That’s the theme that comes through very strongly in the five features that make up this issue of Marketing Week’s Digital Strategy supplement.
For a start, there’s the question of what you’re trying to achieve. That’s relatively easy to decide if you’re a brand that sells online but, as David Isherwood of Renault points out on page 50, if you’re not there’s a grey area between what you’re doing in the interactive space and the physical results. So what kind of goals should you set? Is traffic to your website what matters, as it does for Joy Armitage at Cadbury, or is the buzz in the social space what’s important?
This leads into problems of measurement. Everyone in the digital space knows how much data the medium can generate; the phrase “drowning in data” crops up repeatedly. So how do you work out what metrics to concentrate on?
Increasingly too there’s the issue of integration, of making the various digital channels you’re using work as efficiently as possible with each other, and with their offline counterparts. In a sector that has for so long been dominated by the notion that all the credit for a transaction goes to the ad that delivered the final click, the need for a more balanced attribution of value to individual touchpoints is a challenge for everyone, from technology giants like Google and Microsoft through to individual brand managers.
And there’s the question of emerging technologies. How do you decide when to adopt a new platform? And how far do you go with it? Robbie Tutt, web design and development manager at Comet, takes a pragmatic view on page 53, saying that “we will get a Facebook page when we know what to do with it, what will add value and what will make customers want to interact with us.” But you may not have much time to figure those things out, as Asda’s head of corporate communications Dom Burch explains in the same article; “whether we were ready or not, plenty of our customers were already venting their frustrations on Twitter.”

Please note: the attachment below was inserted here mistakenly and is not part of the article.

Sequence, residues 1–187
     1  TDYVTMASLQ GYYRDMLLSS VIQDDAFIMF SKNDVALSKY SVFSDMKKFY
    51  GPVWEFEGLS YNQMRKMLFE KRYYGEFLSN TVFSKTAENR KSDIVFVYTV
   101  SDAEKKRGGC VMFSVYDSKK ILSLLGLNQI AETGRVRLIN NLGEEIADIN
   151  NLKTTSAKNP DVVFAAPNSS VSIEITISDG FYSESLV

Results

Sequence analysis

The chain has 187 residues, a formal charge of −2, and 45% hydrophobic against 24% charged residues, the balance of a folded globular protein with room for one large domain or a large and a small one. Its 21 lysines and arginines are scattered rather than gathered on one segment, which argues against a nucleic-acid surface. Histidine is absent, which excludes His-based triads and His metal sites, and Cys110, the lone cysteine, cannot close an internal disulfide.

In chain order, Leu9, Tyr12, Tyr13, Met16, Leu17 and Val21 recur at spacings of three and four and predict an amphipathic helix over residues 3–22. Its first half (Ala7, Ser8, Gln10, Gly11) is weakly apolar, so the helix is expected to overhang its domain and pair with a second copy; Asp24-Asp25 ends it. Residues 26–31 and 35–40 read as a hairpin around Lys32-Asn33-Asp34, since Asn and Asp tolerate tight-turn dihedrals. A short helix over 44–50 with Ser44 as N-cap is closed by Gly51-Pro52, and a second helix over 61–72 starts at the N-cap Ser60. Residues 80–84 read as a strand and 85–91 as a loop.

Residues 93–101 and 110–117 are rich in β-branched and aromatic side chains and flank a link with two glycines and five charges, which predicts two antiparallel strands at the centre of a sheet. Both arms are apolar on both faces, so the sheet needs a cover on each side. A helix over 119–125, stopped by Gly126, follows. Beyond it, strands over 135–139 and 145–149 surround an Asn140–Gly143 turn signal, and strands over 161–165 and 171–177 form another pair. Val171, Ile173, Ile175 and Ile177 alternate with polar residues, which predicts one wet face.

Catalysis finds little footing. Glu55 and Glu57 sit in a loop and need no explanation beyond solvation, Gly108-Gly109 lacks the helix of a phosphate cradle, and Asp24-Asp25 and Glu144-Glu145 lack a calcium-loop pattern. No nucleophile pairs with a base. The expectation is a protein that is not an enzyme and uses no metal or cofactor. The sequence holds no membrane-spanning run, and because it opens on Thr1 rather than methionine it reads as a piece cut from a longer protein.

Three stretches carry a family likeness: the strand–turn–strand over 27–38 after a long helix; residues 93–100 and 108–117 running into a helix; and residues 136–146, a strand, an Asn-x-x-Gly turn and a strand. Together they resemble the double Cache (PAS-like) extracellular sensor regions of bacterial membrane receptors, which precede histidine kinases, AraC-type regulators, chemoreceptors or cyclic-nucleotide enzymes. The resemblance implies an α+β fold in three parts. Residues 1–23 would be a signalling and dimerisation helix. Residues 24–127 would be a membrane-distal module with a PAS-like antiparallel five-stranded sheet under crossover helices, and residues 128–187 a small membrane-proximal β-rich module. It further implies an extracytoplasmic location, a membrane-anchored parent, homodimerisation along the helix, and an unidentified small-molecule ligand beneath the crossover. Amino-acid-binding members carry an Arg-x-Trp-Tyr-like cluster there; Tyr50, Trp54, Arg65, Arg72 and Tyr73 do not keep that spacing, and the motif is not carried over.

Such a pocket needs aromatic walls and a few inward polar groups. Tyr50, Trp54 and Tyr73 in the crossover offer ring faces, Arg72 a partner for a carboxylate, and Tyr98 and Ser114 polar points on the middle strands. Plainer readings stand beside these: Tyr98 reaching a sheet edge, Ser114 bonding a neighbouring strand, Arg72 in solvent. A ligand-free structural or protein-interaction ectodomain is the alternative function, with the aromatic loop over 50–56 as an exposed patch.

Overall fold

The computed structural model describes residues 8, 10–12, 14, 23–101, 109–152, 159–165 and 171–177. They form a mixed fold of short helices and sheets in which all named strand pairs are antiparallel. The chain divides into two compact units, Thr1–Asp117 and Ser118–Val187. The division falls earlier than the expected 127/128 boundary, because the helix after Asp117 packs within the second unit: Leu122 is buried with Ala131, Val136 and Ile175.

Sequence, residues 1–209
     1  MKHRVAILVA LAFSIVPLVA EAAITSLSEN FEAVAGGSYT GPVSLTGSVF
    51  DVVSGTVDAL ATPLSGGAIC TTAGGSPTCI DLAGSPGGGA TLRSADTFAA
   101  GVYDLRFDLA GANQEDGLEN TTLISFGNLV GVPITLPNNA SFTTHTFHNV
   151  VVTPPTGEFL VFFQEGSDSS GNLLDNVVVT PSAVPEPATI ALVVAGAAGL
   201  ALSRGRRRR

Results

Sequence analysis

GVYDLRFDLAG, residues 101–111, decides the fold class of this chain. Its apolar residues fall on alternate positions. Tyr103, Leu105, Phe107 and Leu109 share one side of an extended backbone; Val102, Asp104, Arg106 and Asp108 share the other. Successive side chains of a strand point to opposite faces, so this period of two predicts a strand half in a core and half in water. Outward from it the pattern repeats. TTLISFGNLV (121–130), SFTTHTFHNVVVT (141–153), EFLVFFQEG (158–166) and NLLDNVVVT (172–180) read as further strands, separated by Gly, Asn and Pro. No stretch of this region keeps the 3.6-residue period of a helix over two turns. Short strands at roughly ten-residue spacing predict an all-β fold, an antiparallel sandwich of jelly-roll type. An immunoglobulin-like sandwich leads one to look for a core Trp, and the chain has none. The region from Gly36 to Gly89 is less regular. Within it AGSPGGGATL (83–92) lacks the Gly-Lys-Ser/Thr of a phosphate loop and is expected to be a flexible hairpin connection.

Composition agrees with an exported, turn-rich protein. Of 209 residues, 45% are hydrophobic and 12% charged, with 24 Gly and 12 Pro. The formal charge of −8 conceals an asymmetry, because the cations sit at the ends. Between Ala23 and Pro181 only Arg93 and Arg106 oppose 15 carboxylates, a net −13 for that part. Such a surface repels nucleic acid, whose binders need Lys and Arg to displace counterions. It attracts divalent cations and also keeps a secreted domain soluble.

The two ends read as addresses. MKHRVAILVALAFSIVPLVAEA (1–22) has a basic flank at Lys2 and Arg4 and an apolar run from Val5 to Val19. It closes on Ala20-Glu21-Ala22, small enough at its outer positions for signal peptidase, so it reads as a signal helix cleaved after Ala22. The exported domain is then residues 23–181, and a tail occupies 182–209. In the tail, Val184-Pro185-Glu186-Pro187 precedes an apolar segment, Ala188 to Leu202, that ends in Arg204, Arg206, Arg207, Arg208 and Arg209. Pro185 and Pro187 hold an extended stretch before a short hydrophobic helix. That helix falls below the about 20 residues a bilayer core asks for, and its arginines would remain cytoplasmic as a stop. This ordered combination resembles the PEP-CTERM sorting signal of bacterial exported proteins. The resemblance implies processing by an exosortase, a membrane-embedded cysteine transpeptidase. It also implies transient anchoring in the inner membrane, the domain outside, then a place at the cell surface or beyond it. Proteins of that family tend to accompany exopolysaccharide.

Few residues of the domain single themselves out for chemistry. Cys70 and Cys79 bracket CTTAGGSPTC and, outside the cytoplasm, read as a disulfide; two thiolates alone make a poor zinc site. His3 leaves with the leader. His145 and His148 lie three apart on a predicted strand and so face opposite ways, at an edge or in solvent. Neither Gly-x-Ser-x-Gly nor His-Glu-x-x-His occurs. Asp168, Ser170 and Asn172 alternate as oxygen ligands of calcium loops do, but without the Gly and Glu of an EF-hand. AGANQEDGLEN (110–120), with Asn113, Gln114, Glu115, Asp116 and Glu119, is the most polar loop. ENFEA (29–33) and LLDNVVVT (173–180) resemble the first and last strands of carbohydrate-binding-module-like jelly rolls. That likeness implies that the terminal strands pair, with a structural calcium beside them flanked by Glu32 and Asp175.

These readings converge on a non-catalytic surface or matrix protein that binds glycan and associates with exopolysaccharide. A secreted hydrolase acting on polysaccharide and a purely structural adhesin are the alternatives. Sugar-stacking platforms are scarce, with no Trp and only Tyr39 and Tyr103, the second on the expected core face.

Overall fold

“Deciding what you’re trying to achieve is relatively easy if you’re a brand that sells online, if not there’s a grey area”
Fortunately, some answers to these questions emerge from our discussions. The one everyone talks about is the importance of setting key performance indicators as a baseline to which all decisions can then be referred back. These can apply at any level, from an individual brand through to the entire organisation. Knowing what your ultimate goals are means you can find ways to measure them, or find the proxies that make the most sense. And having defined KPIs means not only can you start to tweak the various elements of your marketing and see what happens, as First Direct’s Paul Say explains, you can also start to develop strategies across the whole of your marketing communications.
Finally, once you know what your goals are, you can evaluate emerging technologies against them, as Alex Tait does at the Post Office. And the beauty is that, because for most brands the most pressing technologies will be in the social media space, one of the results will be the collection of customer insights that can be used to refine those goals, creating a virtuous circle.